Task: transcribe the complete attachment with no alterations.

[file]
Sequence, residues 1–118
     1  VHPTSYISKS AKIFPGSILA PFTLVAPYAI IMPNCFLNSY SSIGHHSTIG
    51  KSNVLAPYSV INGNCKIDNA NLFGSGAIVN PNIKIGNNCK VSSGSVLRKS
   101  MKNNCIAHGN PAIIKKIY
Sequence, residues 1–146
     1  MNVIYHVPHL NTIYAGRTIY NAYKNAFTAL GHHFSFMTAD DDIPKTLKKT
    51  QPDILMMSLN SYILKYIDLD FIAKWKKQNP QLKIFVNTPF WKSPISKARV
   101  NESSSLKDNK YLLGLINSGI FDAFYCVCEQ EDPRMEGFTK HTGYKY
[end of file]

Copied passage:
Sequence, residues 1–118
     1  VHPTSYISKS AKIFPGSILA PFTLVAPYAI IMPNCFLNSY SSIGHHSTIG
    51  KSNVLAPYSV INGNCKIDNA NLFGSGAIVN PNIKIGNNCK VSSGSVLRKS
   101  MKNNCIAHGN PAIIKKIY
Sequence, residues 1–146
     1  MNVIYHVPHL NTIYAGRTIY NAYKNAFTAL GHHFSFMTAD DDIPKTLKKT
    51  QPDILMMSLN SYILKYIDLD FIAKWKKQNP QLKIFVNTPF WKSPISKARV
   101  NESSSLKDNK YLLGLINSGI FDAFYCVCEQ EDPRMEGFTK HTGYKY